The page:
As we have discussed in previous blogs, services which are an ‘approved alteration‘ to a listed dwelling or scheduled monument may be zero rated. The building materials then also supplied with those services may also be zero rated. The important issue therefore to be reviewed in this article is, what constitutes a ‘building material’ for VAT purposes?
HMRC have given some basic guidelines to help determine whether something qualifies as a building material, but complex variations and interpretation of the wording can cause confusion and has led to a number of Tribunal cases over the years.
Whilst there is no definitive list, HMRC states that a building material is ‘something that is ordinarily ‘incorporated’ in a building’, meaning it is fixed in such a way that a removal would require the use of tools, or would substantially damage the item and/or the building. ‘Ordinarily’ is more a subjective term but HMRC do state that each building should be looked at separately, therefore a pew is common for a church whereas a fireplace is common in a dwelling.
HMRC include a list of items ‘ordinarily’ incorporated into different buildings in Public Notice 708 section 13.8
Although the list on the above link details items ‘ordinarily’ incorporated, they are NOT all ‘building materials’ for VAT purposes, this is mainly because the legislation then excludes the following items for being classified as ‘building materials’ for VAT purposes:
– Finished or pre-fabricated furniture (other than furniture designed to be fitted in a kitchen)
– Materials for the construction of fitted furniture
– Electrical or gas appliances unless:
* It is designed to heat space or water (or both) or provide ventilation, air cooling, air purification, or dust extraction
* Intended to be used in a building designed as a number of dwellings and is a door-entry system, a waste disposal unit or a machine for compacting waste;
* A burglar alarm, a fire alarm, or fire safety equipment or designed solely for the purpose of enabling aid to be summoned in an emergency; or a lift hoist
– Carpets or carpeting material
The impact on the above list will mean that carpets or carpet tiles may well be seen as ‘ordinarily’ incorporated into a dwelling, but is then excluded from being a building material whereas wooden flooring qualifies – therefore your design choices can actually save you VAT!
Furthermore, prefabricated furniture and fitted furniture are not building materials for VAT purposes. This would include elaborate vanity units and wall units/ bathroom cabinets, however if you were to put a door across an alcove and put up a rail inside – you have created a wardrobe that HMRC accept is made from building materials, but once you line that alcove with wood, none of the materials used are classed as building materials for VAT purposes, so it can be a very subtle difference which determines the rating of your supplies.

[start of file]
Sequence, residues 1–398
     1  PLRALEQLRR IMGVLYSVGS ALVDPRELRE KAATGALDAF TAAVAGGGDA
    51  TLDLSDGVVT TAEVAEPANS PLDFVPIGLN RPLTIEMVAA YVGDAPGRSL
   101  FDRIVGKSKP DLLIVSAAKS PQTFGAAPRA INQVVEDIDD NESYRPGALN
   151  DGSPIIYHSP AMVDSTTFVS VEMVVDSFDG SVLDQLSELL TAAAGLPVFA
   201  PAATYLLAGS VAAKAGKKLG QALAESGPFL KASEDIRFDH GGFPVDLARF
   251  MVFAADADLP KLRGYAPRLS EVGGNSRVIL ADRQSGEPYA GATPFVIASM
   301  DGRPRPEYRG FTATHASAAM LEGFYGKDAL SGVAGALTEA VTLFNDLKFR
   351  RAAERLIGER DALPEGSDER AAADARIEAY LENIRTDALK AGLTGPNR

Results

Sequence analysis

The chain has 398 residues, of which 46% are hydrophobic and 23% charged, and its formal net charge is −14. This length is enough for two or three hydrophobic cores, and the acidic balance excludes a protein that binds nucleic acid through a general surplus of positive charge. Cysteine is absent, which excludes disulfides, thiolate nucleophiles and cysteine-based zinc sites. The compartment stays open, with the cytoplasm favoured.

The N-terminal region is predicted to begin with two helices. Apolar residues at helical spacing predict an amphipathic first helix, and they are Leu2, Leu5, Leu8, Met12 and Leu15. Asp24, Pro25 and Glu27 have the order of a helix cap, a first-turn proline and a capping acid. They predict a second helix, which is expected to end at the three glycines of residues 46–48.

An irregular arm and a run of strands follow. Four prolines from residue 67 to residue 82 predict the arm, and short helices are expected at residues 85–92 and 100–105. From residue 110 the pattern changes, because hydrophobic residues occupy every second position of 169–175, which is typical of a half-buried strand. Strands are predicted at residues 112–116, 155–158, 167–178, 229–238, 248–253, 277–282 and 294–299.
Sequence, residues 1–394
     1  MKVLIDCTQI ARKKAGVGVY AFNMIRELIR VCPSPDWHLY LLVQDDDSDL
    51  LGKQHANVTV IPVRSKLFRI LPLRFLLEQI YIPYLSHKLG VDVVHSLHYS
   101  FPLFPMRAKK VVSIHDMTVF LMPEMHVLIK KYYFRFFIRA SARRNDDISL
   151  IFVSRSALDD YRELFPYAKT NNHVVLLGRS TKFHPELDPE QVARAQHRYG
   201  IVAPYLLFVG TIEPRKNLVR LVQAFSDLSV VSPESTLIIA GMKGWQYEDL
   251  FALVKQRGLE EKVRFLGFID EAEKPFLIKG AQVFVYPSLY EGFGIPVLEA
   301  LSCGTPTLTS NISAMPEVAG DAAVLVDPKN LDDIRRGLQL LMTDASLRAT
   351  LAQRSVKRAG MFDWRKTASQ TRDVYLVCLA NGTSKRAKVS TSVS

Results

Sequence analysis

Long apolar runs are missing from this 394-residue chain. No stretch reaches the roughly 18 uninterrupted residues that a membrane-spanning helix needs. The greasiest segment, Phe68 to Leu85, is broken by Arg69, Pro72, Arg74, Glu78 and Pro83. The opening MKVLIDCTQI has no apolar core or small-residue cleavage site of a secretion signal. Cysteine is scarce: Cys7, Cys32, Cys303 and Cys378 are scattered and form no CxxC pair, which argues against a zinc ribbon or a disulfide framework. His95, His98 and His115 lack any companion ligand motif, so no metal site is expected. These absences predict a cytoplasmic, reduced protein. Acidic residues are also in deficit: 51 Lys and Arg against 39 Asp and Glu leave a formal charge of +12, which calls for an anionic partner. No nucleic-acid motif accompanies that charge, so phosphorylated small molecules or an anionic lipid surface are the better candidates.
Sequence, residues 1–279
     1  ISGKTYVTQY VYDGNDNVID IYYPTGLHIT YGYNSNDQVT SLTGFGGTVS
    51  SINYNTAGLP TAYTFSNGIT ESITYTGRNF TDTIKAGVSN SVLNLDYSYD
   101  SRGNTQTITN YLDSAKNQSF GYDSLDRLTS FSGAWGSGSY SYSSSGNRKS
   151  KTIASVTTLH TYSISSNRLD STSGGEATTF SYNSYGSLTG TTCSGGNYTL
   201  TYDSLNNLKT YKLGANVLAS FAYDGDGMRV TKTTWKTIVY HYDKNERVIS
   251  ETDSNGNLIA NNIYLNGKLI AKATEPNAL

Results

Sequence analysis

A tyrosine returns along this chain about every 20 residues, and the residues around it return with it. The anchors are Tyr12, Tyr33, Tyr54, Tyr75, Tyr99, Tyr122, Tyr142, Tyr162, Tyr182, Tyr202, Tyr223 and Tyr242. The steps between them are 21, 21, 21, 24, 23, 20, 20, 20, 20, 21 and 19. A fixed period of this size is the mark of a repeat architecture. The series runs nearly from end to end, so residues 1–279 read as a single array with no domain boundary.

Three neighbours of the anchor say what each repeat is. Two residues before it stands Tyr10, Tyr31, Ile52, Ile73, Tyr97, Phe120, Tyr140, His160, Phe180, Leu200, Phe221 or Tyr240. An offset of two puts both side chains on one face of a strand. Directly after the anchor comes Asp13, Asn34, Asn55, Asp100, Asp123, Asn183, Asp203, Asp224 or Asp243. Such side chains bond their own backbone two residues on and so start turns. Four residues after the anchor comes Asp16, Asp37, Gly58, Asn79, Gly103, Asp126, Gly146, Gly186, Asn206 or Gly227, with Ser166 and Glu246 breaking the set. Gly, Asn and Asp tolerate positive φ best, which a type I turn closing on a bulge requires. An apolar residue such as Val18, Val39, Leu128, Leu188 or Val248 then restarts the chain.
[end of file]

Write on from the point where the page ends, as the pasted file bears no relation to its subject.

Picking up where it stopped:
As with all aspects of VAT legislation, it is common to have a difference of opinion with HMRC and to therefore end up in Tribunal. In a recent case, the conflict arose around an AGA as to whether it qualified as a building material. The house owner had bought it to heat the kitchen and to cook on. This, they believed, fitted with the guidelines of ‘designed by the manufacturers to heat space or water this includes cookers which are designed to have a dual purpose to heat the room or the building’s water’. However, in this case, even though the AGA was left on all day, was the only source of heat in the kitchen and was controlled by an electronic timer as heating would be, HMRC decided that it was designed primarily as a cooker and did not qualify. Furthermore, the heat provided to the kitchen was incidental and would be the result of any type of cooker being left on all day and therefore did not meet the conditions of being a building material. The Tribunal agreed with HMRC.
An important piece of advice to remember is that if you just buy building materials from a shop then these will always be standard rated. However, getting your contractor to purchase items and to supply and fit them as part of their building services, the goods will become zero rated and the VAT can be saved. Finally, how much the building material costs is always irrelevant; a gold tap will qualify just as much a stainless steel one!
As with most aspects of a project, careful planning and professional advice will help to maximise the potential for VAT zero rating and to use any other VAT reliefs available.
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This is an article from ProjectBook which provides a wide range of information for the conservation, restoration, care and repair of period and listed buildings. The VAT Consultancy is a member of the Heritage Register which contains over 500 vetted craftsmen, contractors and consultants from all over the UK. Updated daily with new content, the website features the heritage register, a products directory, informative articles, current news, events and more. For more information, visit www.projectbook.co.uk